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Re: My New Twin Prime Numbers Absolute Twin Primes

Hi;

Seems that for P1 = 2 that they are very rare.


In mathematics, you don't understand things. You just get used to them.
I have the result, but I do not yet know how to get it.
All physicists, and a good many quite respectable mathematicians are contemptuous about proof.
 

#6 2013-06-06 01:02:02

anonimnystefy
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Re: My New Twin Prime Numbers Absolute Twin Primes

Here are some (unconfirmed):
P1 n
2, 4
2, 6
5, 4
5, 8


The limit operator is just an excuse for doing something you know you can't.
“It's the subject that nobody knows anything about that we can all talk about!” ― Richard Feynman
“Taking a new step, uttering a new word, is what people fear most.” ― Fyodor Dostoyevsky, Crime and Punishment
 

#7 2013-06-06 01:04:27

Stangerzv
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Re: My New Twin Prime Numbers Absolute Twin Primes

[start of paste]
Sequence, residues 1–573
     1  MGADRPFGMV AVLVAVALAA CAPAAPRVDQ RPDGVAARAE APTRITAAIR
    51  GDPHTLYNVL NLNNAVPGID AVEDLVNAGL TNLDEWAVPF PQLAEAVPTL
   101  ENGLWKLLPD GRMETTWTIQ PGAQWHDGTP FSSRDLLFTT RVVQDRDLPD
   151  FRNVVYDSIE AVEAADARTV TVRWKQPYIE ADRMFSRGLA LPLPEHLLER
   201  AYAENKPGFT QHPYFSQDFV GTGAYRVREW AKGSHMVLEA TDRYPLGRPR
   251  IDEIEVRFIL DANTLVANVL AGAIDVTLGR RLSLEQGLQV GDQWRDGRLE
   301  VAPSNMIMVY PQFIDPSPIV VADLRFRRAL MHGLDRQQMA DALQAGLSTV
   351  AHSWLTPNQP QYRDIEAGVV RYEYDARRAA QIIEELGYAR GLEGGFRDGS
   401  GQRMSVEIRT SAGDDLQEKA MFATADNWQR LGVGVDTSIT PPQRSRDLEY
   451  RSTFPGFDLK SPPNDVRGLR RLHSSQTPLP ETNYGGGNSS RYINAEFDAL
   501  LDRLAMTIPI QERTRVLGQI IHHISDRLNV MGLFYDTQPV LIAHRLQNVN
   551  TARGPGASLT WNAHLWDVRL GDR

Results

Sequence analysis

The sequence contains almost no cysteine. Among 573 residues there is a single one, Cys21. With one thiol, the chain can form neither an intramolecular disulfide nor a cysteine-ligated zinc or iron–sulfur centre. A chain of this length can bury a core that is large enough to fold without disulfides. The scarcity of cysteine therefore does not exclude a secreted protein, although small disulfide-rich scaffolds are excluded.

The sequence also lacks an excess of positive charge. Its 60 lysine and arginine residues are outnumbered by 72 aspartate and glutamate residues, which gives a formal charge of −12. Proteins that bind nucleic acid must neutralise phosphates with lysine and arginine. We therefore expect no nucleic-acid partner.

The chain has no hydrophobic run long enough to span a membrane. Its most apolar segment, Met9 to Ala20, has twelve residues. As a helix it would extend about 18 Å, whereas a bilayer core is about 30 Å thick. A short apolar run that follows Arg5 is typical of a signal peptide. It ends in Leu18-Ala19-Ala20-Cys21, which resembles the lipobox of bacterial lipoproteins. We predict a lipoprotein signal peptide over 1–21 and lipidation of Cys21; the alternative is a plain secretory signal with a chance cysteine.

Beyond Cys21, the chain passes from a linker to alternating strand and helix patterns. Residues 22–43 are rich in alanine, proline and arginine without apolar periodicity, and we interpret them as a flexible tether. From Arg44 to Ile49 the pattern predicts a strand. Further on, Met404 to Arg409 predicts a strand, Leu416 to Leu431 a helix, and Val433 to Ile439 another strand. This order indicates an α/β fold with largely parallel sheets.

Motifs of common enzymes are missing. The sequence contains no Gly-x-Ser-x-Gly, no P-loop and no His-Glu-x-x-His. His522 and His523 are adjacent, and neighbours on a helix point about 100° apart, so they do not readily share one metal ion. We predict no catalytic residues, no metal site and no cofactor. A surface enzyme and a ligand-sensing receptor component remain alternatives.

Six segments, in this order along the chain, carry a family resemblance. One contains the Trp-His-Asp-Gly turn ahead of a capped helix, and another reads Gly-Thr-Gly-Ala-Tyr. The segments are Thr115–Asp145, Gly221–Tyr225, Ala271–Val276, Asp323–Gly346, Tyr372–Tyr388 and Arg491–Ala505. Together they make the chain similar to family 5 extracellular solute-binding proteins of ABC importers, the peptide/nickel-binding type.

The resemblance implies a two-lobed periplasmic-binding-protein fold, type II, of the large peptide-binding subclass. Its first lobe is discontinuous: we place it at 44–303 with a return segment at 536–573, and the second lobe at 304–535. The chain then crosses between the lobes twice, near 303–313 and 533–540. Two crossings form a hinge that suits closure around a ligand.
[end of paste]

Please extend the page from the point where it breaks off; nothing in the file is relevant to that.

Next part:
hi bobbym

There are three things that the prime has to match, a product, a sum and +- and when n becoming larger it would be harder to find the prime. This is what I believe and maybe a computational result would give a slightly different picture.

 

#8 2013-06-06 01:14:16

bobbym
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Re: My New Twin Prime Numbers Absolute Twin Primes

There are no solutions with P1=2 and n < =1000 other than n = 4 and n = 6. These are already 3300 digit numbers!


In mathematics, you don't understand things. You just get used to them.
I have the result, but I do not yet know how to get it.
All physicists, and a good many quite respectable mathematicians are contemptuous about proof.
 

#9 2013-06-06 01:15:28

Stangerzv
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Re: My New Twin Prime Numbers Absolute Twin Primes

New update

P1=13 and n=2

Ps={191, 251}

P1=43 and n=2